Area Development
Regional economic development partnerships - collaborative arrangements among smaller communities and counties -  allow their members to bundle their individually attractive attributes together as they seek new business investments. These alliances allow their small-market members the opportunity to provide companies in the site selection process with the kinds of advantages they would find in larger areas, such as larger collective work forces and opportunities for financial incentives. At the same time, they can entice businesses with distinct small-town advantages, including responsive and personal interactions with local decision-makers, lower costs of doing business, lower costs of living, and locally reliable supply chains.

"Multiple-county partnerships allow for shared information and resources vital to recruitment," says Joseph Yager, CEO for the Regional Economic Area Partnership (REAP) in Wichita, Kansas. "Land availability, incentive resources, training and education programs, and work force programs all vary by community, so multiple-county partnerships are critical points of contact to maneuver through the opportunities that best meet a potential project's needs."

Looking at Labor
"The number-one factor companies consider is the labor force, and they're more interested in the regional labor information than they are in the jurisdictional labor force," says Beth Doughty, executive director of the Roanoke Regional Partnership in Virginia. "Regional partnerships are attractive to prospects because companies are looking for cohesive communities where the localities work well across jurisdictional lines." Since 1983, this four-county partnership has helped create more than 13,000 new jobs and almost $1.3 billion in new investment by attracting such companies as Altec Industries, Tecton Products, LiteSteel Technologies, and Robatel Technologies LLC.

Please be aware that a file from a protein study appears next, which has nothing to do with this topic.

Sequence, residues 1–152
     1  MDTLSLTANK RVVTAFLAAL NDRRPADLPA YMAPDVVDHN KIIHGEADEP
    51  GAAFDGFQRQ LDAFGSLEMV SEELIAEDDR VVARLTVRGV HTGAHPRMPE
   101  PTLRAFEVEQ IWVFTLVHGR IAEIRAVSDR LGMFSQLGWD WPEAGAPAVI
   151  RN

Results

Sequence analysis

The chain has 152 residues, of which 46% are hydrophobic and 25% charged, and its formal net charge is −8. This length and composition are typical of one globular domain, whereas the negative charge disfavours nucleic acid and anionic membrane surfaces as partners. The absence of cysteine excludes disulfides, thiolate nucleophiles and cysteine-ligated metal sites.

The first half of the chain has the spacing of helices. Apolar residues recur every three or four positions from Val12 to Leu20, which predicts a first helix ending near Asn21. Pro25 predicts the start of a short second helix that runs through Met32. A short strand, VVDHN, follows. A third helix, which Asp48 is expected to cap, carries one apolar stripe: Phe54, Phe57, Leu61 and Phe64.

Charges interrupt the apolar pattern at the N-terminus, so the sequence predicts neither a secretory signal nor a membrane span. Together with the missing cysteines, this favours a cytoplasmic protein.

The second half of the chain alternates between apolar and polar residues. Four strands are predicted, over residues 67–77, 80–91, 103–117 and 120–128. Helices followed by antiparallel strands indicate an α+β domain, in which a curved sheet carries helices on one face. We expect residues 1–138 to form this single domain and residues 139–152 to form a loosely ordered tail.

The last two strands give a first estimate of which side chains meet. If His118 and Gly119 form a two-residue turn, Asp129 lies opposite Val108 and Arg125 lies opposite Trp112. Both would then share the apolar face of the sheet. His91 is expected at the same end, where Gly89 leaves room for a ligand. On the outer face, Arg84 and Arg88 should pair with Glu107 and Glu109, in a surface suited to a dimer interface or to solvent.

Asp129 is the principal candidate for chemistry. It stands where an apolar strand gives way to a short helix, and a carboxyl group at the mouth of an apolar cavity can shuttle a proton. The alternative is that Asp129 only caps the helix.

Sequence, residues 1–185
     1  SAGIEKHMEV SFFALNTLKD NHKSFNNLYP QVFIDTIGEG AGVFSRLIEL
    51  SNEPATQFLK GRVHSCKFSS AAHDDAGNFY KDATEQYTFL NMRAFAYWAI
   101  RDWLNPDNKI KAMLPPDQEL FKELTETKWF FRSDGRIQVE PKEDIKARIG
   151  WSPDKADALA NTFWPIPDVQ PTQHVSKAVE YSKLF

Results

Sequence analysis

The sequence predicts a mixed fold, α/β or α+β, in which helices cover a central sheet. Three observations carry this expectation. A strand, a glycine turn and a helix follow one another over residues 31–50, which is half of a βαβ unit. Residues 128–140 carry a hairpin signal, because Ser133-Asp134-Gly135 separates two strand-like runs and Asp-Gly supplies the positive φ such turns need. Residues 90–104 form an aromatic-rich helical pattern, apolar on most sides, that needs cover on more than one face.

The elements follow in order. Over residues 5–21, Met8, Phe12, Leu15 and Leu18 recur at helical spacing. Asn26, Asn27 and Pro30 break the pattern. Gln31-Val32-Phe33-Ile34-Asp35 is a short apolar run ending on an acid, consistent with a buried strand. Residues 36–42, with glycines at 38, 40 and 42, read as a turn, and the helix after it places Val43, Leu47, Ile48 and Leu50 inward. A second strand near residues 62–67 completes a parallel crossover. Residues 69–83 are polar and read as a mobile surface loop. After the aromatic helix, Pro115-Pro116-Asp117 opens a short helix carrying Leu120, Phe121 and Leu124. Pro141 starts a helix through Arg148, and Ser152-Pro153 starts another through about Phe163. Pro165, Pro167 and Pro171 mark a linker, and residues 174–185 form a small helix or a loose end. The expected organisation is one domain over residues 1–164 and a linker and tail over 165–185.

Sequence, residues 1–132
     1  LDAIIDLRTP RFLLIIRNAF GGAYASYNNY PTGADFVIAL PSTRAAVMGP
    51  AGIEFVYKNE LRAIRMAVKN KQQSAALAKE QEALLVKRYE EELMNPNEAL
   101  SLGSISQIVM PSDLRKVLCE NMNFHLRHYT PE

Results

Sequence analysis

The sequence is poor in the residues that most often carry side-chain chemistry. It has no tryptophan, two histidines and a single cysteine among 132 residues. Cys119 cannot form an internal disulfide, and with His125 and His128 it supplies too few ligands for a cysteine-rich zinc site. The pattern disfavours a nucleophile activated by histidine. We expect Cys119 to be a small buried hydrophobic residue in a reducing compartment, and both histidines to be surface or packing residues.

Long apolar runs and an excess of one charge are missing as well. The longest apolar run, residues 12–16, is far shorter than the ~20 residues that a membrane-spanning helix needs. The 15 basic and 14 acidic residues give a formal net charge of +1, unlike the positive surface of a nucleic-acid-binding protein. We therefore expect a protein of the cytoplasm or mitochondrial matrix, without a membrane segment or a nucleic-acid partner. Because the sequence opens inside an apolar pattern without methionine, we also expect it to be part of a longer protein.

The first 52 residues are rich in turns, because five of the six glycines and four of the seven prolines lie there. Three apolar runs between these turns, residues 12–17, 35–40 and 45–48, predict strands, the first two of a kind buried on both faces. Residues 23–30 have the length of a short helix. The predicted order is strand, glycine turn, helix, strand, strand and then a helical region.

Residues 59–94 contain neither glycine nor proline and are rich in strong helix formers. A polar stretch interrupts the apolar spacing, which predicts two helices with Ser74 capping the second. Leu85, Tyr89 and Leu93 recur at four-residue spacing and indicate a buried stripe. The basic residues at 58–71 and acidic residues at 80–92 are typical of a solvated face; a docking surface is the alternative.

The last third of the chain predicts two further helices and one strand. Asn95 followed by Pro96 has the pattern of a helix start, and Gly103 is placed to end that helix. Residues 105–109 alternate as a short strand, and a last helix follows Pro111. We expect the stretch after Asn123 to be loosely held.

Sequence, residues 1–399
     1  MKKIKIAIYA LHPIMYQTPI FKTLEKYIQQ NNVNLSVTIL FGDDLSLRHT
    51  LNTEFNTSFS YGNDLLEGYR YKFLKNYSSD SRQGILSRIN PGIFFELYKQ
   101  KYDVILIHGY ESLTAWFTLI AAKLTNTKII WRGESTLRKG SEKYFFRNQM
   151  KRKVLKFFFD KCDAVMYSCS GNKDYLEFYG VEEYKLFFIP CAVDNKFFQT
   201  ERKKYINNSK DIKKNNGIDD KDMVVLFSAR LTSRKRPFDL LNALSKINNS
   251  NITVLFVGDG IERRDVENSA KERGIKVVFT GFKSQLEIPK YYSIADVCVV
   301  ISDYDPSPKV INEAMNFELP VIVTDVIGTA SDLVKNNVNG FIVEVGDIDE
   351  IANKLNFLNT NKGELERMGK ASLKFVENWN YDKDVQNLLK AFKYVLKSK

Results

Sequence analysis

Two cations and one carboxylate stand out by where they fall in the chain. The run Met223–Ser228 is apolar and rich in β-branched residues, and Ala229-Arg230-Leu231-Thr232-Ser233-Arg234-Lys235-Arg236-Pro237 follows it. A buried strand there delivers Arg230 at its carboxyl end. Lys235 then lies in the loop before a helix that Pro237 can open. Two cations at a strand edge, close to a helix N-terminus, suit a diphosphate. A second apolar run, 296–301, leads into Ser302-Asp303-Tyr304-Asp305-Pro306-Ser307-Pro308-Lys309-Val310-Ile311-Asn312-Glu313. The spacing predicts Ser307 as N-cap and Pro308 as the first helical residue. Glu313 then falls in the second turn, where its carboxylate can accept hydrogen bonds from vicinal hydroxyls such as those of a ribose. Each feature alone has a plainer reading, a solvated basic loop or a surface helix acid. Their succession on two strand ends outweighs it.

In southeastern Iowa, Grow Greater Burlington teams economic development efforts for four counties in a partnership with Southeastern Community College (SCC) to develop targeted training programs in advanced manufacturing, agriculture, food distribution, and warehousing/logistics for regional labor force of 111,000. The state's Jobs Training and Industrial New Jobs Training programs, which are offered with SCC, help defray some of the cost of custom training.

New England's Rutland Economic Development Corporation also works with local educational institutions such as the Castleton State College and the College of St. Joseph to provide customized worker training support for its key industries of manufacturing and healthcare. In addition, Stafford Technical Center, a career training institute for high-school students and adults, has joined forces with many of the area's premiere manufacturers - including Hubbardton Forge, Questech, General Electric Aircraft Engines, Kalow Technologies, and Ellison Surface Technologies - to offer additional training to current and future employees looking for advancement opportunities and increased compensation in manufacturing positions.